Art in Life: Fashioning Political Ideology Through Visual Culture in Mid-Century America
journal contributionposted on 2010-01-01, 00:00 authored by Isadora A. Helfgott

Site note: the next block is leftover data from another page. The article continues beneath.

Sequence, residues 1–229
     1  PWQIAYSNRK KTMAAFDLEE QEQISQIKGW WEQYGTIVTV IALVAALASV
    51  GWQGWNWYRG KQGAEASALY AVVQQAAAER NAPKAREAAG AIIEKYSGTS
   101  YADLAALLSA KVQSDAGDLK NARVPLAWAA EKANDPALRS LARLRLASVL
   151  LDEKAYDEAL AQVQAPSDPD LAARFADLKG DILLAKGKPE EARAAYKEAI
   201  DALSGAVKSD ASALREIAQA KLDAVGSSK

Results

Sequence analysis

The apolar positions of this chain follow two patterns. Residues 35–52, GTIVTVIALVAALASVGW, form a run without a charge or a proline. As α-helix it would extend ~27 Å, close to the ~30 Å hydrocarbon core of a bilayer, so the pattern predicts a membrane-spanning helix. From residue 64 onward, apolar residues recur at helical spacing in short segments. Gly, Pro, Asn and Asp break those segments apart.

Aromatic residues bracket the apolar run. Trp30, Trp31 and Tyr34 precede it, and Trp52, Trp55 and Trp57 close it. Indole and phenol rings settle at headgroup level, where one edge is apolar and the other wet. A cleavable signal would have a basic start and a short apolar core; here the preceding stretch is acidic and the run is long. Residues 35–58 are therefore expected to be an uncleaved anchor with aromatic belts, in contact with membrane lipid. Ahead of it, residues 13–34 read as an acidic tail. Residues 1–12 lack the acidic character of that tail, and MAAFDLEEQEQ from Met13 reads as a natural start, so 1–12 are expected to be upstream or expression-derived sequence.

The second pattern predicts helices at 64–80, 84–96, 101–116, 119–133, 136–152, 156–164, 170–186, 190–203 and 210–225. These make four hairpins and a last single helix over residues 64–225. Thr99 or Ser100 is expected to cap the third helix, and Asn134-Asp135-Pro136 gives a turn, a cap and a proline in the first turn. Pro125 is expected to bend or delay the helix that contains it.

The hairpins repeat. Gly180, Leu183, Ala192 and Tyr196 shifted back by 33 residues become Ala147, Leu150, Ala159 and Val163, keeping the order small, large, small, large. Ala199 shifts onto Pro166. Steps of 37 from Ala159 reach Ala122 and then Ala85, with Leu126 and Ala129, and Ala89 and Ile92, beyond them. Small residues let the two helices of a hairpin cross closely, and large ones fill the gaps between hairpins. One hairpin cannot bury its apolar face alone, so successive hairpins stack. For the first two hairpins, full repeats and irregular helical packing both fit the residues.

Life magazine debuted onto the American publishing scene in November, 1936. The third major publication to come out of Henry Luce's publishing empire, Time, Inc., Life was a picture magazine. It helped to transform visual culture in America, elevating images over text as a means of communication and developing an influential new style of photographic journalism first introduced in the magazine's inaugural issue with Margaret Bourke-White's photographs of the Fort Peck Dam. Ranging in subjects from international politics to society news, Life provided a visual survey of modern experience for its readers, a weekly synopsis of the state of the world presented through pictures elucidated with bold headlines and short captions.